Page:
Hannah’s grandmother is very old and very frail, but her mind is as sharp as ever. She tells her granddaughter that the name Hannah is a palindrome – that it is the same spelt backwards or forwards. Hannah says, “I know. My father called me that because I was born on the twenty-first of December ... a mathematically perfect date.' 

'Your father liked palindromes,' Lady Wintersloe said. 'He thought they were magic. The Fair Folk are either drawn to them, or repelled by them, according to their nature. The Seelie Court love order and symmetry, but the Unseelie Court hate it and are confounded by it.'

And so Hannah learns about the Sidhe, the Scottish fairy folk, who are said to live in the hollow hills of Scotland. 

Strange things begin to happen. 

A toad spits up a round holey stone at hannah's feet. The castle cook Linnet tells her it is a fairy stone and will reveal things that are hidden from sight. When Hannah looks through it, the world seems different. Shadows seem to stalk her. 

One stormy day, Hannah discovers the way to her father’s old room, where she finds his old diary. It is all written in code, however, and she cannot understand it. Hannah also discovers more of the history of the Curse of Wintersloe Castle, which has blighted the family and the house for centuries.

In the mid-sixteenth century, Lord Montgomery Rose of Wintersloe Castle fell in love with a fairy maiden called Eglantyne, when he saw her ride out of Fairknowe one May Day. He wooed her and won her, and she left the fairy realm to marry him, even though she was the only daughter and heir of the King of the Fair Folk. 

Eglantyne was very beautiful, and Lord Montgomery was consumed with jealousy. He had a ring forged for his new wife, a puzzle ring which would fall apart when removed. Made of four bands that interlocked to make a golden rose, its secret was known only to him and the goldsmith who made it.

Regarded with suspicion by those in the castle and the village, and yearning for her homeland, Eglantyne was not happy. She had only two consolations – her dog, a white hound with red ears - and the garden where she loved to walk. In time, she made friends with the gardener’s son who loved all green and growing things, as she did. 

Eglantyne had a cousin named Irata who had encouraged Eglantyne to elope with Lord Kenneth, because she wanted to become queen of the fairy realm in Eglantyne’s place. However, as long as Eglantyne lived there was the chance she may have a child who could lay claim to the throne. So Irata plotted to have Eglantyne killed, but all her schemes failed because Lord Kenneth kept his beautiful young wife so well-guarded.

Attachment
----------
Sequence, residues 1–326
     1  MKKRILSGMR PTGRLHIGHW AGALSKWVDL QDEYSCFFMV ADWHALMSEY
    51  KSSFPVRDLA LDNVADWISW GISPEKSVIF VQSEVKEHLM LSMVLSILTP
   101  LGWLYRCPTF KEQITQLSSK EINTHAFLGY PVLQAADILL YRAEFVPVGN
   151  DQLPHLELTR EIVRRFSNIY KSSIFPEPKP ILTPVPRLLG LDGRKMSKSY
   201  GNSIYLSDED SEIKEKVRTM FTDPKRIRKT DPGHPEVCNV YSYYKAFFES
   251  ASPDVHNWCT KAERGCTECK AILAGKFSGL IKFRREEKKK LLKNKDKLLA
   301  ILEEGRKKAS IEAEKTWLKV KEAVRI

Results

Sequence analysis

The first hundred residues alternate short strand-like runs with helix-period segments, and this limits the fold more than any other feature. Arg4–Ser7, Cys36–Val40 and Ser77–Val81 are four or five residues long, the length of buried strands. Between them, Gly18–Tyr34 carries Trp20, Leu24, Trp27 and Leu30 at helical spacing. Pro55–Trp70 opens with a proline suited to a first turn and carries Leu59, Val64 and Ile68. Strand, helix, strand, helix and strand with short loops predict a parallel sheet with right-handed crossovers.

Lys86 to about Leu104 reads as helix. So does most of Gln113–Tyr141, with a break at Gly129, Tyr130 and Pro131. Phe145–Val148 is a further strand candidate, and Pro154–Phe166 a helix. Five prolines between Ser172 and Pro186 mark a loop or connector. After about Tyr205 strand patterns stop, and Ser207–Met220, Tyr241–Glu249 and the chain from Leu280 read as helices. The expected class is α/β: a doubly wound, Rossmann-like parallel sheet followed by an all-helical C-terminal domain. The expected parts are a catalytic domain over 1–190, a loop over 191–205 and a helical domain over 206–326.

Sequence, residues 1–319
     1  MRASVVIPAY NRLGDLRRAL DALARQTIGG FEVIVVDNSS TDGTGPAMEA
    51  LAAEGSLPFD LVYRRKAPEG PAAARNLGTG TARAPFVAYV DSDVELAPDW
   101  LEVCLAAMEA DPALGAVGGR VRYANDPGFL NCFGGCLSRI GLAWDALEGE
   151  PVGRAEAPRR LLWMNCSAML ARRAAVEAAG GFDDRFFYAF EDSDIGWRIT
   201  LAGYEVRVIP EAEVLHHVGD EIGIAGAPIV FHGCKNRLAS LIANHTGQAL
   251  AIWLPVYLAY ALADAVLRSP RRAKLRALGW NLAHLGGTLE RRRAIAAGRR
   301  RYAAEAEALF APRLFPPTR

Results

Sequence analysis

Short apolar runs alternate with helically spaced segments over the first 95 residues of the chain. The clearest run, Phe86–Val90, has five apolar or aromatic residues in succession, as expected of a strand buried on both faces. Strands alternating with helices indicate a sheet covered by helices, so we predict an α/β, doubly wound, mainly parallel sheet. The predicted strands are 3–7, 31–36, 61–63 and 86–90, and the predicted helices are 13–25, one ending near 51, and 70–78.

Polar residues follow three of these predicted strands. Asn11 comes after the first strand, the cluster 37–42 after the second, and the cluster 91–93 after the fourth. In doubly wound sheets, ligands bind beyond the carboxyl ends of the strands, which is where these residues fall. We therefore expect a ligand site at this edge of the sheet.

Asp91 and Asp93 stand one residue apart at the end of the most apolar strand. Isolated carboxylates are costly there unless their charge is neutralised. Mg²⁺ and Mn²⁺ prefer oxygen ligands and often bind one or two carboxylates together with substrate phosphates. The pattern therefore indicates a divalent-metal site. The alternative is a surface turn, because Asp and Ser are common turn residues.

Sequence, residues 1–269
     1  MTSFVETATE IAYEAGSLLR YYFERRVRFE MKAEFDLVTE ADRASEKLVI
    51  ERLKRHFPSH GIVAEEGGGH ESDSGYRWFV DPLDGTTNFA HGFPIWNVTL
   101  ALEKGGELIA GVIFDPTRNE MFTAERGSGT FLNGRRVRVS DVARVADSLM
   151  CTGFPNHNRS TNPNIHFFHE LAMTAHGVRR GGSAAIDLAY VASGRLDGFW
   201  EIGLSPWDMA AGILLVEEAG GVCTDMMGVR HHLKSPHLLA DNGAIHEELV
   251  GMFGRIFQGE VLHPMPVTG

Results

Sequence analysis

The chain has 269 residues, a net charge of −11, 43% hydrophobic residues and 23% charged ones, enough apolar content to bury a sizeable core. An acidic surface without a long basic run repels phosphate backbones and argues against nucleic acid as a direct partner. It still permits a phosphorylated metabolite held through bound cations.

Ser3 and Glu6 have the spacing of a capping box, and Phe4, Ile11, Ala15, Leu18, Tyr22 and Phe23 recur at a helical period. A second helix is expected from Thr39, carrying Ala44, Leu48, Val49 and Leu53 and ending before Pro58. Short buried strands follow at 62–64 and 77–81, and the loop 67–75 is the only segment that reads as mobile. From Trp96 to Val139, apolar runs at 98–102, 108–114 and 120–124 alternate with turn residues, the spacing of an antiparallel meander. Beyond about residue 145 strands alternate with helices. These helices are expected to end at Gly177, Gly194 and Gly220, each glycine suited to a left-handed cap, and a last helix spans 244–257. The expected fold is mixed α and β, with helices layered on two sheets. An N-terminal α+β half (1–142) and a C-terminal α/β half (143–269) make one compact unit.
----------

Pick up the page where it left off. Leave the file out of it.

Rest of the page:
So Irata killed Eglantyne’s dog, making it look like one of the villagers. Eglantyne took off her wedding ring so she could bury her dog in the garden but, not knowing the secret of the puzzle ring, she could not put the ring back on again. Weeping, she was being comforted by her friend, the gardener’s son, when her angry husband appeared. He refused to believe in her innocence, and cast her out of the house. 

Eglantyne cried:
‘Break, break, golden ring,
like my heart, like his word,
Out, out, golden ring,
                 To the four corners of the world.’

The four interlocking bands of the puzzle ring broke apart, and were swept up into a whirlwind and flung in the four directions of the compass. Then Eglantyne said:
‘By fever, fire, storm and sword,
Your blood shall suffer this bane.
No joy or peace for Wintersloe's lord,
till the puzzle ring is whole again.
The thorn tree shall not bud
The green throne shall not sing
Until the child of true blood
Is crowned the rightful king.’

It was Samhain Eve. Samhain is one of the two great doorways of the Celtic year, for the year was divided into the time of darkness and the time of light. Samhain was the dark doorway, a time of danger and mystery. 

Many people believed Samhain was the time when all the witches of Scotland gathered together to work black magic. And so when the cutlery folk saw the strange elfin wife of the lord, they accused of witchcraft and burnt her to death. 

Ever since, there has been no true love or happiness in Wintersloe Castle. Tragedy has stalked the Rose family, and misfortune shadows everyone who lives in the valley. Some say it is because Irata still rules the fairy realm, and there will be no peace until the true king of the hollow hills is found and returned to his throne. Yet Eglantyne died, and her unborn child with her, and any attempt to find the four lost bands of the puzzle ring ends in sorrow. 

Hannah realises that her father Robert had devoted his life to breaking the curse, so that he and his one true love, Hannah’s mother Roz, can have a life of happiness. 

Robert believed that the fairy realm is a real place, a parallel world that touches against our world only at certain times, such as Midsummer or Halloween. He believed the gate through the hollow yew tree in the garden is a way of crossing from one realm to another and, he theorised, a way of travelling through time, since it is often recorded how time moves at a different pace in the fairy realm.

Raising that her father is lost in the past, Hannah sets out to follow him backwards in time, find the broken rings of the puzzle ring and break the curse.

And so Hannah and her friends begin an extraordinary adventure that takes them back to the perilous days of Mary, Queen of Scots, a time when princes could be murdered and queens beheaded ... and red-haired women were through to be witches ...

You can buy THE PUZZLE RING at Booktopia, Dymocks, Collins, Angus & Robertson Bookworld, or read it on your Kindle